Welcome to Yorkshire, the organiser of the Tour de France's Grand Depart in 2014, has been warned that any government funding for the event comes with strings attached.
The Leeds-based tourism agency's plea for more than £10m to pay for staging the first three days of the world's biggest bike race was initially refused by the Department of Media, Culture and Sport (DCMS) and UK Sport (UKS).
But lobbying by local politicians, including Deputy Prime Minister Nick Clegg, led to a change of heart.
"The government wants the Tour De France Grand Depart 2014 to be a huge success and we are working hard, alongside the local MPs, to make that happen," a DCMS spokesman said.
"However, the current plans are not strong enough to deliver the world-class event we all want and expect.
"We would like to see a more joined-up approach to the organisation of the world's biggest cycle race which will ensure we maximise the benefits for Yorkshire and the other parts of England the race will pass through."
Chief among the government's requests is the formation of an Olympic-style organising committee to represent the interests of all stakeholders, in particular those involved in hosting the final day in England, the third stage from Cambridge, through Essex, to London's Olympic Park.
This could include the county councils of Cambridgeshire and Essex, the Greater London Authority and Transport for London, as well as representatives from DCMS, the Highways Agency and UKS, with British Cycling providing technical expertise.
Detailed plans for the two Yorkshire stages have been in the public domain since Welcome to Yorkshire was awarded the contract in December. But so far only the start and finish of the third stage have been revealed.
One source close to the decision on government funding said Welcome to Yorkshire's original submission was "half-baked" and lacked "strategic direction".
The elite sport funding body UKS declined to comment on the request Welcome to Yorkshire made for £1.7m of "major events" cash, but it is believed its position is in line with DCMS's: the money is available, providing a more holistic plan emerges.
Welcome to Yorkshire chief executive Gary Verity rejected criticism of his agency's plans for next July, telling the BBC the creation of an "overarching delivery group", chaired by him, was always part of the strategy.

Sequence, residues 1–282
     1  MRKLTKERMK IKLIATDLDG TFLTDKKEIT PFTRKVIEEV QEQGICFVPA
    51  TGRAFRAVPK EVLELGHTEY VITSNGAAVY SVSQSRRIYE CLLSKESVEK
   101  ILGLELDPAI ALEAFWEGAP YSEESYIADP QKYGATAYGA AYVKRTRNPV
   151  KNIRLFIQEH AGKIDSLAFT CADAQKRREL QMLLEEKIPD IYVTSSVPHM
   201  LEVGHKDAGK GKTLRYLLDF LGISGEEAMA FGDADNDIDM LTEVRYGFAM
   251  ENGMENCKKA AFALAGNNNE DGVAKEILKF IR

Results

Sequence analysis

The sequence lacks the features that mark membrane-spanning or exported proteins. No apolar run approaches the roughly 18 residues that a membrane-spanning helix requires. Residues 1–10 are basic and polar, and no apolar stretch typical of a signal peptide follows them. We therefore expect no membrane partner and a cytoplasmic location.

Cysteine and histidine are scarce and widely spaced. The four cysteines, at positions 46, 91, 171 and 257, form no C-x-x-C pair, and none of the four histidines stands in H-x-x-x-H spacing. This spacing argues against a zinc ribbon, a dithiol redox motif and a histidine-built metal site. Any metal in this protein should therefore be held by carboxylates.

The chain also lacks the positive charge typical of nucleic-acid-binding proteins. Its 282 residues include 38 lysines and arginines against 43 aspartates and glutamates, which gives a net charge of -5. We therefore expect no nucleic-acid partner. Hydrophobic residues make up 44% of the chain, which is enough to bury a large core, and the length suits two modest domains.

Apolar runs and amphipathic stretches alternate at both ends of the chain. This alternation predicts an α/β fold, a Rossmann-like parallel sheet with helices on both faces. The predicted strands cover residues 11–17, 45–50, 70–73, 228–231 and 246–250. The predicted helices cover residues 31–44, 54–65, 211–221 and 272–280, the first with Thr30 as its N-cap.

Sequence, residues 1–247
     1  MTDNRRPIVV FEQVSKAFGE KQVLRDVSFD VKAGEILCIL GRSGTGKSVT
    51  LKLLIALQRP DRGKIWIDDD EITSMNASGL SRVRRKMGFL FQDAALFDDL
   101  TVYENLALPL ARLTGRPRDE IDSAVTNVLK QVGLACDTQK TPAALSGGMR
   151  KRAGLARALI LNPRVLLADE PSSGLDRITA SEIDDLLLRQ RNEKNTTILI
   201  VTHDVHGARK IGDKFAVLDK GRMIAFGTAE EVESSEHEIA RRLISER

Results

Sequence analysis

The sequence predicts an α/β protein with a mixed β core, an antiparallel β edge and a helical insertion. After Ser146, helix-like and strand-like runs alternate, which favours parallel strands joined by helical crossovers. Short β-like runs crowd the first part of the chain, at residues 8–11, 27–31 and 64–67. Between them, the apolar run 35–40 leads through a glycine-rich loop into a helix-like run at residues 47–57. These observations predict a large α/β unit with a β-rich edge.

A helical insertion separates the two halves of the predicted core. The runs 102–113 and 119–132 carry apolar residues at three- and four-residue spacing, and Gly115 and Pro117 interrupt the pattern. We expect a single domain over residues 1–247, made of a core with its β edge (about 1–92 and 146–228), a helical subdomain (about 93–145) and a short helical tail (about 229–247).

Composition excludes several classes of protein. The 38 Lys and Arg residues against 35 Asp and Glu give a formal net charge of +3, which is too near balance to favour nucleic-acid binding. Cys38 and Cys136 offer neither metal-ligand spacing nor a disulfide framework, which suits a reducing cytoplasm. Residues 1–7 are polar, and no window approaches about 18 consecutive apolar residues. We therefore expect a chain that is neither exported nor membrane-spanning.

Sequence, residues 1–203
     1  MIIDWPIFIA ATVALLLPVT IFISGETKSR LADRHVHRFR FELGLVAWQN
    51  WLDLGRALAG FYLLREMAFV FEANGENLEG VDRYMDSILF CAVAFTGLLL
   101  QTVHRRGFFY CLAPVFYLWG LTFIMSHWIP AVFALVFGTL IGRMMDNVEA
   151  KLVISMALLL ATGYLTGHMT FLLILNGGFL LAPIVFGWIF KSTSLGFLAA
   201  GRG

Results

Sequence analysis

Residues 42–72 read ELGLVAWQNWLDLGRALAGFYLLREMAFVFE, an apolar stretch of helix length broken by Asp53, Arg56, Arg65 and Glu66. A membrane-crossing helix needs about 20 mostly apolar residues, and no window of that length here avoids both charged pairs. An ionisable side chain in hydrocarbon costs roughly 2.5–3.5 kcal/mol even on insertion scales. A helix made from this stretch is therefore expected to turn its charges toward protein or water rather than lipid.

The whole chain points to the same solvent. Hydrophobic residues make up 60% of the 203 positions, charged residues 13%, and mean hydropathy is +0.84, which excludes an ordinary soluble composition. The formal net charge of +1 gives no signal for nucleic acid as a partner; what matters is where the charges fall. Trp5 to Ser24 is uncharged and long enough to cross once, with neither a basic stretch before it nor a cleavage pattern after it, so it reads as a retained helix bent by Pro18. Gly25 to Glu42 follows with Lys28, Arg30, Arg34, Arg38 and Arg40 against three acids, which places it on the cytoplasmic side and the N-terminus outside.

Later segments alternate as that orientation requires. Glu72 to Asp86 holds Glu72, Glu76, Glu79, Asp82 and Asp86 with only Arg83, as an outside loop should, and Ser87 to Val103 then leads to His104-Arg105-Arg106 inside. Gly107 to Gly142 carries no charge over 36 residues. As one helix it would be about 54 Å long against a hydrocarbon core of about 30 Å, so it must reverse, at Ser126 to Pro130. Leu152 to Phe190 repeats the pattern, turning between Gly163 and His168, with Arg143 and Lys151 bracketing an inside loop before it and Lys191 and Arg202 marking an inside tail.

He also pointed out it was his organisation that persuaded the race's owner, the Amaury Sport Organisation (ASO), to come to these shores for a fourth time, the first since London's successful staging of the Grand Depart in 2007.
"As the contract-holders for delivering this event, we will give it our best shot to deliver the maximum economic impact for Yorkshire," said Verity.
"The government have said they want to come on board now, so we'll work with them to do that.
"It is clear today the Tour has got many parents - and many who claim to be parents or who take credit for all kinds of things - but in the final analysis the only people who have the contract to deliver the Grand Depart are Welcome to Yorkshire and we will do that."
The BBC understands Leeds City Council has already paid ASO a £4m "staging fee", with additional costs of £2.5m underwritten by the various councils that host parts of the race. Most of this will now be recouped from the £10m promised by government.
It has been estimated that Yorkshire could see a return of £100m in terms of tourism revenues and increased international recognition. The 2007 Grand Depart, which saw London and Kent share two stages of the race, was thought to be worth £88m.
By strange coincidence, ASO president Jean-Etienne Amaury was in Leeds on Thursday, and he denied suggestions Yorkshire won the bid because it offered the most money.
"That wasn't the key point, and I don't think it was even the case," Amaury said.
"We chose Yorkshire because of its beauty, the quality of its infrastructure, and because British cycling has been doing so well."